Maezawa regularly injects his visions for humanity into interviews and speeches: world peace, universal income and letting every person reach his or her full potential. In an essay last month, he said gross domestic product was an inadequate way to measure progress. Instead, he called for the economic indicator to be replaced with one built around feelings of gratitude.

Building on the success of Start Today’s Zozo brand, Maezawa intends to turn his company into a global retailer, with the goal of being one of the world’s top 10 clothiers within a decade. His first step toward that has been a body-measuring, skintight suit called the Zozosuit, which is used to sell a line of made-to-fit private label basic wear and business suits. The company will be renamed Zozo Inc. from October.

In an interview with Bloomberg News in July, Maezawa talked about his love for making things. Maezawa didn’t attend college, instead moving to California to play in a band after high school. The experience inspired the beginnings of the business of Start Today — named after an album by the punk band Gorilla Biscuits — as he began to sell music CDs in Japan.

“No matter what, I wanted to do different things compared to other people,” Maezawa said. “I was like that as a child and now as well. And the desire to do something different is connected to wanting to do it before anyone else.”

To contact the reporters on this story: Lisa Du in Tokyo at;Yuji Nakamura in Tokyo at

To contact the editors responsible for this story: Robert Fenner at, ;K. Oanh Ha at, Reed Stevenson, Jeff Sutherland

©2018 Bloomberg L.P.


North and South Korean leaders embrace as they meet for summit


The North and South Korean leaders have embraced one another as they arrived in Pyongyang for their third summit together.

A smiling Kim Jong Un embraced South Korean president Moon Jae upon his arrival.

His Pyongyang trip makes him the third South Korean leader to visit North Korea’s capital for an inter-Korean summit.

Mr Moon is to meet Mr. Kim at least twice – later on, Tuesday and then again on Wednesday before returning home on Thursday.

a group of people posing for the camera: northkoreasouthkoreasummit.jpg © Provided by Independent Digital News & Media Limited northkoreasouthkoreasummit.jpg

President Moon Jae-in is welcomed by Kim Jong Un (AP)

The two have met to discuss further talks on denuclearisation and the prospect of officially ending the Korean War.

Hundreds of North Koreans wearing suits and traditional dresses also greeted Moon, carrying flowers and waving Korean peninsula and North Korean flags. A sign behind them reads: “We ardently welcome President Moon Jae-in’s visit to Pyongyang!”

Mr Moon said: “This summit would be very meaningful if it yielded a resumption of North Korea-US talks,”

“It’s very important for South and North Korea to meet frequently, and we are turning to a phase where we can meet anytime we want.”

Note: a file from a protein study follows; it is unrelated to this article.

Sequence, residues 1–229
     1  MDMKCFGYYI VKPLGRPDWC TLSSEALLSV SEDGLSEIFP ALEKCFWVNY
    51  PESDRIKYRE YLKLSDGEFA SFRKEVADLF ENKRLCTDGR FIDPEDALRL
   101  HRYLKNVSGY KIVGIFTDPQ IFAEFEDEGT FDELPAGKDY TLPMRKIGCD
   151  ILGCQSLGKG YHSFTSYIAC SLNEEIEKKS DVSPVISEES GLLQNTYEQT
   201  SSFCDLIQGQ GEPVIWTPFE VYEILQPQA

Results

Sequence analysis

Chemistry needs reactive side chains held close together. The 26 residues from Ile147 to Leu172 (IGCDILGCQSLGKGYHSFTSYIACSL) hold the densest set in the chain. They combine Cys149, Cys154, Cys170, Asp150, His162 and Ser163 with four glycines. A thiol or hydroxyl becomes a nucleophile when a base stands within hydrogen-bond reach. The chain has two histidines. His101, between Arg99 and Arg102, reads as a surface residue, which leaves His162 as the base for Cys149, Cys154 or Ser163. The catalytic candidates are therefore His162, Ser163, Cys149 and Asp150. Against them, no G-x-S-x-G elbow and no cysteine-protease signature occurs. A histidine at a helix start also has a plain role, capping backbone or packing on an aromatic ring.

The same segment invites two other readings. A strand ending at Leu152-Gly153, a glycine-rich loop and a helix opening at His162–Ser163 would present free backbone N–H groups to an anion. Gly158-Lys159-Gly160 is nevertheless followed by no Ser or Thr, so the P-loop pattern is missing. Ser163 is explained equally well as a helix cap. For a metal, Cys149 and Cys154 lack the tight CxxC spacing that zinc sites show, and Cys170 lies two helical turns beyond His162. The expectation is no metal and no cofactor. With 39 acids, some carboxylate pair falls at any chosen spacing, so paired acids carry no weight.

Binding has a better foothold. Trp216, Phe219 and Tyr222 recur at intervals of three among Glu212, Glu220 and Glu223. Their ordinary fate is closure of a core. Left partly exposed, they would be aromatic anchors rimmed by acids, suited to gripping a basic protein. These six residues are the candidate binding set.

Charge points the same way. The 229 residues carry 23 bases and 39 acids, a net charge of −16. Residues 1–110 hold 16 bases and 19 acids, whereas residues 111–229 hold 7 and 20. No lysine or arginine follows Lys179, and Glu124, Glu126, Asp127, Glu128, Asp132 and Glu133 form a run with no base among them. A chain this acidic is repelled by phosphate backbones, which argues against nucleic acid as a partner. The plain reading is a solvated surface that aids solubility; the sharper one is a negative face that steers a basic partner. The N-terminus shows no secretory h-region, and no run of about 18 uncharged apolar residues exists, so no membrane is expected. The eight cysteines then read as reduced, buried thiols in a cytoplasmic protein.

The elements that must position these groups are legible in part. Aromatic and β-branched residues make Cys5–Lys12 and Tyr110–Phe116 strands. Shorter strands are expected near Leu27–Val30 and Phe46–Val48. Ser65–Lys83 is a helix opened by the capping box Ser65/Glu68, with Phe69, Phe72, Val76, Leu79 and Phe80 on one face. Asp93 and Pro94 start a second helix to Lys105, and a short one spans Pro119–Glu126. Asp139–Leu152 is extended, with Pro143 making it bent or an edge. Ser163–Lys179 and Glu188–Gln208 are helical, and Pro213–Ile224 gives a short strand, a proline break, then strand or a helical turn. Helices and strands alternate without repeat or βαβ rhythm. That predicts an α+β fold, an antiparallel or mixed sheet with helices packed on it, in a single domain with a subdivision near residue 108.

© Provided by Independent Digital News & Media Limited

Fernando Haddad aims to be Brazil’s new Lula – but does anyone know who he is?


Wearing a red sweatshirt emblazoned with the image of a Brazil’s former president Luiz Inácio Lula da Silva, Fernando Haddad and his entourage piled out of a minibus and marched up the main street of the Rocinha favela, as a band in orange overalls beat out samba rhythms.

Haddad, an earnest intellectual, expert in Marxist theory and former mayor of São Paulo, has until 7 October to convince 147 million Brazilian voters he should be their next president – even though one recent poll showed that more than a third of them have no idea who he is.

Haddad’s leftwing Workers’ Party (PT) is hoping that Lula – who last week dropped his prison-cell bid for re-election – can transfer enough votes to his protege to get him through to a runoff vote on 28 October.

Haddad has centered his campaign on a promise to reverse swingeing austerity measures and boost spending to drag the country out of its worst ever recession.

“We combine fiscal responsibility with social responsibility,” Haddad, 55, told the Guardian. “We are not going to sacrifice the people anymore. Without public investment, without families spending, without cheap credit, the economy won’t recover.”

But swapping a formidably popular former president for a candidate who many still do not know is not going to be easy.

The PT appeared to recognize the scale of the challenge in a recent campaign video, which shows Brazilians struggling to say the candidate’s name before learning to repeat: “Haddad is Lula, Lula is Haddad.”

Until this month, when Brazil’s top electoral court barred him from running, Lula was campaigning from behind bars after he was given a 12-year sentence for corruption and money laundering.

Haddad was only confirmed as the PT candidate on 11 September – less than a month before the election; he has a lot of ground to cover, and not much time.

The latest polls suggest that he is about 10 percentage points behind the far-right candidate Jair Bolsonaro, who is still in hospital after he was stabbed during a campaign event.